Nicaragua's abortion ban, enacted November 2006 and upheld in September 2007, puts women's health and lives at risk, according to an Oct. 2 Human Rights Watch report. The ban criminalizes abortions even in cases of rape, incest and health or life-threatening pregnancies. Since its implementation doctors who fear prosecution have denied or delayed women's access to emergency obstetric care, including post-abortion care and therapeutic abortions that prevent maternal mortality and morbidity. "Doctors in Nicaragua are now afraid to provide even legal health services to pregnant women," wrote Angela Heimburger, the Americas researcher at Human Rights Watch Women's Rights Division.
More News to Jeer This Week:
- Militants blew up a girls' high school in the North Western Frontier of Pakistan on Sept. 30. No casualties were reported by the state-run press agency. The school and other educational institutions in the area had been warned they would face serious consequences if girls went to class unveiled. The Pakistan education department issued a circular making the wearing of burka mandatory for female students after the bombing.
- A burka-clad suicide bomber struck a police checkpoint in Bannu, in northwest Pakistan, on Oct. 1. At least 15 people died in what appears to be the first documented female suicide bombing in Pakistan, the AP reported.
- The Supreme Court let stand an Alabama law banning the sale of sex toys, meaning that within a few days, those selling vibrators in the state may be prosecuted. Sheri Williams, who brought the legal challenge on First Amendment grounds, told the AP Oct. 3, "They are going to have to pry this vibrator from my cold, dead hand. I refuse to give up."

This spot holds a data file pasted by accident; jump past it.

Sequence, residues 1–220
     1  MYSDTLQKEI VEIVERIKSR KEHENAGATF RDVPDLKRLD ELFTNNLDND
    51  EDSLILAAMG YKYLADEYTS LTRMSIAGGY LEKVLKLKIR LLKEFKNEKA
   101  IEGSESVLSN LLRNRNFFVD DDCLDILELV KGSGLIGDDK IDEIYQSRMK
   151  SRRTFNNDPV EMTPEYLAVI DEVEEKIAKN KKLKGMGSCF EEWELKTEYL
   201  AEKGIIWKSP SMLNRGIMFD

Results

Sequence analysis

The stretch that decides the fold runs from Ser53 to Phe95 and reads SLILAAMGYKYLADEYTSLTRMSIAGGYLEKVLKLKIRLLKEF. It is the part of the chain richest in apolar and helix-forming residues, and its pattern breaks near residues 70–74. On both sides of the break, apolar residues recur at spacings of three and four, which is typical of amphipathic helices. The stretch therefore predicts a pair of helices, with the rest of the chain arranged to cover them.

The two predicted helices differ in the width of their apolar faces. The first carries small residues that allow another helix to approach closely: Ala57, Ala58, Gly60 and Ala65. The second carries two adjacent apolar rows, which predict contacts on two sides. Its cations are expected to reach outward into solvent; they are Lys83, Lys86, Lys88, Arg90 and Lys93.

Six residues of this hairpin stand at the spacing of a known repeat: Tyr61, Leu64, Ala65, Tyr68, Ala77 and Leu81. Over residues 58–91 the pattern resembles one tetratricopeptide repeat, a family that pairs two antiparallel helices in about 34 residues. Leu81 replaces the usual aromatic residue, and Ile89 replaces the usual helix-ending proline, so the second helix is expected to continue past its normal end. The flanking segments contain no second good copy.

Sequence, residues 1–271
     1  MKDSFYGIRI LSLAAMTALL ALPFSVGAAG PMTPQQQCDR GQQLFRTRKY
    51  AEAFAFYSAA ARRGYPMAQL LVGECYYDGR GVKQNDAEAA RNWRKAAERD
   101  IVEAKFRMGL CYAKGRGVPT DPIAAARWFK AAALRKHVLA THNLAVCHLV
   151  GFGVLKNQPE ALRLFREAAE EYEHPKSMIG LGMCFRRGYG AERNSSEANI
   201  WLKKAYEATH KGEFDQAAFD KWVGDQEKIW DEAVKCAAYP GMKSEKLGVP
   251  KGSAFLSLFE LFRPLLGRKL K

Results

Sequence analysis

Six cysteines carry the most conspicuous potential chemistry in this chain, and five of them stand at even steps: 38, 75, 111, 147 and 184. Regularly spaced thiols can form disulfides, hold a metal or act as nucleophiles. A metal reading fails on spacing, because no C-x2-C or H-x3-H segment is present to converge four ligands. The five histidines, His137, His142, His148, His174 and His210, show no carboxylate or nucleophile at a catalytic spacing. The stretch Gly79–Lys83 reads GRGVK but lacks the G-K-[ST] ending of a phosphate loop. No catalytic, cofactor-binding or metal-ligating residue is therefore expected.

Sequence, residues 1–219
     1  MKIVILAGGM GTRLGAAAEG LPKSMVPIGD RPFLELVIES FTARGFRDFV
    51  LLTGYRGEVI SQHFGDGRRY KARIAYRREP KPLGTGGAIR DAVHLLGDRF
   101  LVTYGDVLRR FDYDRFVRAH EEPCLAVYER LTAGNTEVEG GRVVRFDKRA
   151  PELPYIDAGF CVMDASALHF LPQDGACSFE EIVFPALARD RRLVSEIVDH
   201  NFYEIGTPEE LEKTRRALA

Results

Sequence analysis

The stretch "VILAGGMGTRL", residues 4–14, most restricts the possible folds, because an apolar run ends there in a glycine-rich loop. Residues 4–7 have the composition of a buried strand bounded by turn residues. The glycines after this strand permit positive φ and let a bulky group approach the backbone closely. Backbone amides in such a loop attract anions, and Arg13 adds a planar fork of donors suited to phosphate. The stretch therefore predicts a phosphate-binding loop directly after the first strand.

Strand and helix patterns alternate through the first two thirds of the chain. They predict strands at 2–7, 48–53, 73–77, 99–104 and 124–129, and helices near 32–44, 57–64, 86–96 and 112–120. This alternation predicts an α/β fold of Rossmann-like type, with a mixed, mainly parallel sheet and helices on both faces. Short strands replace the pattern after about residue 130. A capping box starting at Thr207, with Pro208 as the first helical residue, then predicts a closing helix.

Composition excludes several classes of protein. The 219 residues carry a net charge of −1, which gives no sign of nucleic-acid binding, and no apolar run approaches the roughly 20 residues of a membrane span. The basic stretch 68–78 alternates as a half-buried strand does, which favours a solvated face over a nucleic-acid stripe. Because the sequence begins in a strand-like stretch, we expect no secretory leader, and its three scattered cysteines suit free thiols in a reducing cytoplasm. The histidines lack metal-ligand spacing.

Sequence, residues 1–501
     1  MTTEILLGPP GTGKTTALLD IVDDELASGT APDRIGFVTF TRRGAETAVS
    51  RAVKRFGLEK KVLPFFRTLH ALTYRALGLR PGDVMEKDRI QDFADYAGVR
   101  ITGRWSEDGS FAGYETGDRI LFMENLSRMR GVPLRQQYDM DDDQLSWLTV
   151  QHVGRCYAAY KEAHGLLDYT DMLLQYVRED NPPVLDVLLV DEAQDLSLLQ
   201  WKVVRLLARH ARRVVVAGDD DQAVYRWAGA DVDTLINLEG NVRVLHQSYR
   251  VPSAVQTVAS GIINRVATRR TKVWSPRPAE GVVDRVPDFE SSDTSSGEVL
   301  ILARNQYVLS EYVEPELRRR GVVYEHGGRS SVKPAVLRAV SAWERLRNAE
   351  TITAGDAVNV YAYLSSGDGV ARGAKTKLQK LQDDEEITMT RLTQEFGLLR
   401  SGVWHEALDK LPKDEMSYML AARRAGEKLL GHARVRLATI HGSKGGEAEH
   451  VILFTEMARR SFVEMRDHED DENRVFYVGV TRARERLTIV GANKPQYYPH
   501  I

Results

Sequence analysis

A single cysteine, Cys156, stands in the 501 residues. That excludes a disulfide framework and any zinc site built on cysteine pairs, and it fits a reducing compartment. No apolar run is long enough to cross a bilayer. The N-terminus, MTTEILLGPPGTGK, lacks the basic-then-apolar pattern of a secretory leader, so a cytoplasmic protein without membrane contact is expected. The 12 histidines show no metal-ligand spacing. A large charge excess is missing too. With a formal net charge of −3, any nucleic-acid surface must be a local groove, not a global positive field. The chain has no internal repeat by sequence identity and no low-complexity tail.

- President Bush followed through with his threat to veto the State Childrens' Health Insurance Program on Oct. 2, angering many women's groups. The California Nurses Association-National Nurses Organization issued a statement saying parents without insurance can delay needed care for their children. Kristin Rowe-Finkbeiner, executive director of the motherhood advocacy group Momsrising, urged mothers to join Moveon.org's nationwide protests, held Oct. 3.
- During this fall's fashion weeks in New York and Milan runway models suffered from an alarming lack of diversity, the Washington Post's Robin Givhan wrote on Sept. 30 after the close of Milan fashion week. Designers, she wrote, didn't hire women of color--or even, in some cases, brunettes--because they did not want to distract from the clothes.
- Women are protesting a series of T-shirts at Wal-Mart that say "Some Call it Stalking; I Call it Love," for trivializing that form of sexual harassment, the Charlotte Observer reported last week.
- An Iranian woman, wife and mother of three, was sentenced to death by stoning for committing adultery, a Persian daily reported Sept. 27. The man implicated in the case was sentenced to 100 lashes.
Lorraine Rothman, a leading activist for women's reproductive rights, died of cancer Sept. 25, at age 75. Rothman, in partnership with Carol Downer, pioneered the feminist self-help clinic movement in Los Angeles in the 1970s. Self-help clinics taught women how to conduct basic gynecological procedures such as cervical self-examinations and pregnancy tests. Rothman also helped popularize safe home abortion with a procedure known as menstrual extraction before the 1973 Roe v. Wade court ruling established women's legal right to abortion.
Sarah Seltzer is a New York-based freelance writer and the editorial intern at Women's eNews. Dominique Soguel is the Arabic editor for Women's eNews.